Practicalities of square foot gardening
I know what square foot gardening is, but as a practical matter, how do you plant, maintain, and pick produce from a square foot that is in the "middle" of a raised bed without disturbing the rest of the bed? In my case, I have 4' x 8' beds and a 20' x 4' bed that is only accessible from one of the 20' sides.
Multnomah County Oregon vegetable gardening
Thank you for your interesting question. Although I have read the book, and believe I understand the theory of planned, limited, intensive gardening, it does not work for every space—especially if the garden has already been constructed. There is very little research on the topic, and none I can find on how to adapt existing spaces. So, until you revamp your space, you’ll be required to bend over to plant, weed and harvest your garden. You can still use some of the planning concepts, but the back-saving benefits will not be there. Good luck!
Thank you. But the question isn't about whether there is a "back-saving" way to do this, it is about how it is possible at all without trampling the rest of the bed to get to the middle. I know this is done, but no one seems to talk the details. If I am asking "master gardeners", SOMEBODY knows the answer...this technique is talked about too much for this problem not to have been addressed. Either this is limited to 3'x3' beds, or there is a way to do this. Can you pass this question on to other experienced gardeners...or to OSU Extension staff themselves, please?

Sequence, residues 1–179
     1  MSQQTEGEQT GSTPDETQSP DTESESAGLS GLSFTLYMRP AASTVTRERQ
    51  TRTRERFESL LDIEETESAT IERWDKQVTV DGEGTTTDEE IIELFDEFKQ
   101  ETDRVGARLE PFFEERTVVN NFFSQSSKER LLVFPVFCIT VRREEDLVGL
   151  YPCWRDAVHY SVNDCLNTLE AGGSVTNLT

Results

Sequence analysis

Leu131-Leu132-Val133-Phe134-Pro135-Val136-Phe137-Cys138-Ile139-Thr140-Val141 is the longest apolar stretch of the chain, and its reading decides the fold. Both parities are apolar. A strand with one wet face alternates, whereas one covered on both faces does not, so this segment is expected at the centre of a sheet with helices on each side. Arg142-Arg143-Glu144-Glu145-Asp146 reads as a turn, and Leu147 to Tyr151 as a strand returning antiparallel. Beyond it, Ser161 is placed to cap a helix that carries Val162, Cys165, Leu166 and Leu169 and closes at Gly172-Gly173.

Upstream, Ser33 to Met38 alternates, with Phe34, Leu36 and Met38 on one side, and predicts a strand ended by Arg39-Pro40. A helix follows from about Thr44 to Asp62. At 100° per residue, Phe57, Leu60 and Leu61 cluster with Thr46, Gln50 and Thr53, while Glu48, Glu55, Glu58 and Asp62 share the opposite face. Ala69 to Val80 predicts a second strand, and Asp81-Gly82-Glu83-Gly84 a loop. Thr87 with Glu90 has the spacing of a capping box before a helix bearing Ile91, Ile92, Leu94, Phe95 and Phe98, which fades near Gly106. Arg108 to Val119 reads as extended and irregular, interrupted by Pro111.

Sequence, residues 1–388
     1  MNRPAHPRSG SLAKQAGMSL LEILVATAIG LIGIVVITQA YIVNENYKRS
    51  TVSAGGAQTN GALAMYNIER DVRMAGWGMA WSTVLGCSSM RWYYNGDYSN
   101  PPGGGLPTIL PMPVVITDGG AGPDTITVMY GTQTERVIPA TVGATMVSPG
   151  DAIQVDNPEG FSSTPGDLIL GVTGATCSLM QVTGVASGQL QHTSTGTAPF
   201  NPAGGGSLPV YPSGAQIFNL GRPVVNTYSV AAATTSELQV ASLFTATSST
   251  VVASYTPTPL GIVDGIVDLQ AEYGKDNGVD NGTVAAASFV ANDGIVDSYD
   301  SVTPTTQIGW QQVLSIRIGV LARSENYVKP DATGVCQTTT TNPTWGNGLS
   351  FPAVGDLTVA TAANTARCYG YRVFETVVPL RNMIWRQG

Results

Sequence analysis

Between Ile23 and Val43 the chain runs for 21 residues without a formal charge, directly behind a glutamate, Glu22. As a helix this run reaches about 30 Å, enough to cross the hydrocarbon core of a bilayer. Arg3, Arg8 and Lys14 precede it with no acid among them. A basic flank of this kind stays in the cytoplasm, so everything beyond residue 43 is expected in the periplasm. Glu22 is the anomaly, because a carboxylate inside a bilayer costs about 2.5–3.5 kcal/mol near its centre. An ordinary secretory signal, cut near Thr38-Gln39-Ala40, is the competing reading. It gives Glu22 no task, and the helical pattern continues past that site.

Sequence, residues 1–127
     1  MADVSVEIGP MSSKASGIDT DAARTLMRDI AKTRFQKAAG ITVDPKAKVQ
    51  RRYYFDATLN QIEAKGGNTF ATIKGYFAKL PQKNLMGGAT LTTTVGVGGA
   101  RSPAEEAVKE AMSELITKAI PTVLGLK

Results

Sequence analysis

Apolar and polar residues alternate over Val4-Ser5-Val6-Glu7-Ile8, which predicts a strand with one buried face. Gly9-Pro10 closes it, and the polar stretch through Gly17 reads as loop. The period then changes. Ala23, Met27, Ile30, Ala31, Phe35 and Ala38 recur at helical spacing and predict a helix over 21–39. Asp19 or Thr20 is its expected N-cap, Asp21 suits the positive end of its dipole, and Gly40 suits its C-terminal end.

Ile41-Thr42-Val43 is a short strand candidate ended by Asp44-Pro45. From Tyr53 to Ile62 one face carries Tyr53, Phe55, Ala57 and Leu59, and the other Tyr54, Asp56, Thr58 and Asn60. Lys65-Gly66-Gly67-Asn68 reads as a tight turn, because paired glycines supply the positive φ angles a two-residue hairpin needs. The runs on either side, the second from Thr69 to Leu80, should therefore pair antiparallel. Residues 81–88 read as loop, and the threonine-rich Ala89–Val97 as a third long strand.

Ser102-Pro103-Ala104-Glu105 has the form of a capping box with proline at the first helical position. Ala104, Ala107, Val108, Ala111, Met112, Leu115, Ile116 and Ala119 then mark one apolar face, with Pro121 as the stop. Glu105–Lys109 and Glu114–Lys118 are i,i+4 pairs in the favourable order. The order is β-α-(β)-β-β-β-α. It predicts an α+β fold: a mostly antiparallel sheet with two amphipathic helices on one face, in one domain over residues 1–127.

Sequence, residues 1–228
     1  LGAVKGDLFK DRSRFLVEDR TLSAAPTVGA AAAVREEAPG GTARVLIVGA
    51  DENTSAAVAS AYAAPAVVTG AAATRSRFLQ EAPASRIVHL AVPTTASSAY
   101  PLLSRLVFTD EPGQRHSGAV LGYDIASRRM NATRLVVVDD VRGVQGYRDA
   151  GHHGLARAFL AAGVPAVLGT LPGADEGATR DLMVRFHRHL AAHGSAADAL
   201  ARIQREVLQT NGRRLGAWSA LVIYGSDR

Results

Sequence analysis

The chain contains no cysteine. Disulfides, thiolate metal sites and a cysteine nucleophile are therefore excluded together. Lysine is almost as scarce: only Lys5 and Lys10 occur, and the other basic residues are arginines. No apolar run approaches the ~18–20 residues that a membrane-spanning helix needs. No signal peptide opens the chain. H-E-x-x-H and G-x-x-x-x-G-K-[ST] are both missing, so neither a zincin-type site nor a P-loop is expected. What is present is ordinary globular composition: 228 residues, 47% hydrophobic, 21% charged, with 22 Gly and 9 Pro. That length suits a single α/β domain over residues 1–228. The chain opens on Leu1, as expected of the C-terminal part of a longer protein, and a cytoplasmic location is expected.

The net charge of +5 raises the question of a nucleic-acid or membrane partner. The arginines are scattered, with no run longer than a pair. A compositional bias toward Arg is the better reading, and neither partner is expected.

We have explored other staff. What I tried to explain to you is that this is not a scientifically researched methodology worthy of university research—which is what professors study and are paid for. Not every book that a gardener publishes interests a university in conducting expensive experimentation. This is precisely why these questions are answered by experienced, trained Master Gardeners such as myself. You are welcome to search for a professor interested in the topic. I have found none who has published an article in overcoming geometry and physics.